by Kahlia Meeuwsen, Relationships Columnist
Published in Relationships on 26th October, 2018
Not everyone can really tell that their relationship is toxic. Some may feel it, but are unwilling to recognize it on a mental level. After all, it can be hard to accept that someone you love might not be a good fit for you, or even damaging to you. To clarify what a toxic relationship looks like, we're going to take a look into the signs of a toxic relationship as well as what you should do if you think you're in one.
A toxic relationship is one what is more hurtful than helpful. It can often include one or both partners being cruel, rude or undermining one another. In some cases, it can also be more of a competition than a relationship. Toxic relationships are also frequently abusive in some way, whether it be emotionally, verbally or physically.
There are many signs to look for that can point to a toxic relationship. However, not everyone is going to be open to accepting that their relationship might be an unhealthy one. Really take the time to think about these signs and consider whether or not they show up in your relationship, and to what extent.
A toxic partner doesn't really care about what the effects are on you, as long as you're making them happy. This can mean you end up realizing that you put forth a lot of effort into keeping them happy, but they aren't doing the same for you. The entire relationship seems to revolve around them, rather than the effort going both ways as they're supposed to.
A lack of trust can become very clear when one partner is constantly accusing the other of cheating, even if there is no solid proof. It can be a variety of accusations thrown around with little backing it up. As a result, you may feel like you often have to defend yourself when you haven't done anything wrong. This can also include guilt trips that never seem to end.
A huge red flag for a toxic relationship is when any personal growth on your part is seen as a threat to them. For example, they may not like when you become stronger and more assertive or when you seek the help of a therapist. In some cases, they might tell you that they "don't like how you've changed", which can actually mean "I don't like that I'm losing my control over you".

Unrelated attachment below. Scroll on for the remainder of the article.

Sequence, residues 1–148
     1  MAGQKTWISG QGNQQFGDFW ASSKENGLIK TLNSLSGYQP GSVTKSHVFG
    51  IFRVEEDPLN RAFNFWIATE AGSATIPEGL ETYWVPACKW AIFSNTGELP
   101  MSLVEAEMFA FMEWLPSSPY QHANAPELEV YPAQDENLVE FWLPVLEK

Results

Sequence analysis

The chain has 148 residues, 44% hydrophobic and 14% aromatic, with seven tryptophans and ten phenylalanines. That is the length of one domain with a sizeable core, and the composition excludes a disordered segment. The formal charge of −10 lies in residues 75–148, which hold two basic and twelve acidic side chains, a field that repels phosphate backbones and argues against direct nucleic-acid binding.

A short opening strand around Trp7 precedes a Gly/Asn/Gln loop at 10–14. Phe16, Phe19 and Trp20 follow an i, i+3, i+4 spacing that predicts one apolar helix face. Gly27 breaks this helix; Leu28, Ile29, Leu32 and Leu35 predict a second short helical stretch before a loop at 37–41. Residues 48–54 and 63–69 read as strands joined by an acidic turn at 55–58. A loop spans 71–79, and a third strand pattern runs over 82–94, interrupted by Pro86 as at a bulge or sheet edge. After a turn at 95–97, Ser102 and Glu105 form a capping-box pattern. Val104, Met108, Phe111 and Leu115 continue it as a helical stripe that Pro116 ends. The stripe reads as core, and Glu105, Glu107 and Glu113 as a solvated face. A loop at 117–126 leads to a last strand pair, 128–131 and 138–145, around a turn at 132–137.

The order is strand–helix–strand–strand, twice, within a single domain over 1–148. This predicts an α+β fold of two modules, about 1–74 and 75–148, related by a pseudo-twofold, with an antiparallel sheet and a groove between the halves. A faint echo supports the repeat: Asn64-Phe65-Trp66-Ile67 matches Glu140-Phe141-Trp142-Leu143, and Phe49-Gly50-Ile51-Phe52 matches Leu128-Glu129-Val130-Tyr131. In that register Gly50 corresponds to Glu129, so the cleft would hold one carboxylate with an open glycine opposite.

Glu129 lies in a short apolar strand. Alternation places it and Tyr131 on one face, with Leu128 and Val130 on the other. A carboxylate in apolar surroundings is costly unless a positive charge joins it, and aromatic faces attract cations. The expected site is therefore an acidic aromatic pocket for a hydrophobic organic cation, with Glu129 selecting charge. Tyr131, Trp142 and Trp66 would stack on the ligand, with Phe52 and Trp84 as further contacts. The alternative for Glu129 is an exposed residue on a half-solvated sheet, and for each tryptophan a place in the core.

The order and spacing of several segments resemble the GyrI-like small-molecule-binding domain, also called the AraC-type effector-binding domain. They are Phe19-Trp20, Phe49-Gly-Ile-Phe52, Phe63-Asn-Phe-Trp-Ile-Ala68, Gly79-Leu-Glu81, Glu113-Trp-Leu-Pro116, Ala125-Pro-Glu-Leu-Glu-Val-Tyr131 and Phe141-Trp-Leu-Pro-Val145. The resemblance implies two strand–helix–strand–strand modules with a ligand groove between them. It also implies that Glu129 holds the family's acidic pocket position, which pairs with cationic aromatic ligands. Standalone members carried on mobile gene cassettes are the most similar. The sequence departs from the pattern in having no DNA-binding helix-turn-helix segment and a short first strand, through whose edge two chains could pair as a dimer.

When you have a toxic partner, you almost always know that something is off deep down. The issue is that you may not always be willing to accept it logically. This can become clear when your partner talks about wanting to meet friends or family and you just get a feeling of dread or shame. If you know the people important in your life wouldn't like your partner, it's a clear sign to re-think the relationship.
Everything in the relationship is about their needs, their wants, and the vision they want for the relationship. This can include ignoring or trying to change aspects about you they don't like. They take and take and take, but aren't willing to make any changes for you. In fact, any request for a change is taken as a personal attack.
Your partner may become passive aggressive when they aren't getting what they want, or are being held accountable for their actions. It's not uncommon for a toxic person to turn a simple conversation about something they may have done wrong into a full on attack on them, in an attempt to make you feel bad. In turn, both sides can turn to passive aggression because they don't feel they can communicate normally.
This is a huge sign to pay attention to. If you aren't happy in your relationship for any reason, it's time to reconsider it. This is something to keep in mind in any relationship, whether it's a romantic one, a relationship with a friend or family member. In addition, it's worth keeping in mind even if the relationship may not be toxic, but just unsatisfying.
If it feels like you just can't do the right things for your partner, it's often a reflection on them rather than you. A good partner will seek to support you and lift you up, while a toxic one will tear you down and attempt to keep you in a state they can easily control. This can often include attacks on your self esteem, physical appearance, or anything else they may feel will get them what they want.
No matter what they've done wrong, a toxic partner is always the victim. Even if you're trying to have a gentle conversation with them about something they did that upset you, they can view it as if you're attacking everything they are. This can make it incredibly difficult to have a constructive conversation, which can end up being very disheartening.
You should feel energized when you're with your partner, and excited to spend time with them. However, a toxic relationship will often be more work than fun, resulting in you becoming very exhausted. It's as if your job is to be constantly checking in on them, making sure they're happy with every action, response or event that takes place.
In many cases, toxic individuals can be fixated on the importance of respect. However, they also don't view that respect as going both ways. This can result in them getting upset when they feel they are being disrespected, but not considering the ways they may talk to or treat you as being disrespectful. They may feel that they can talk to you however they want, but you have to be very careful about how you speak to them.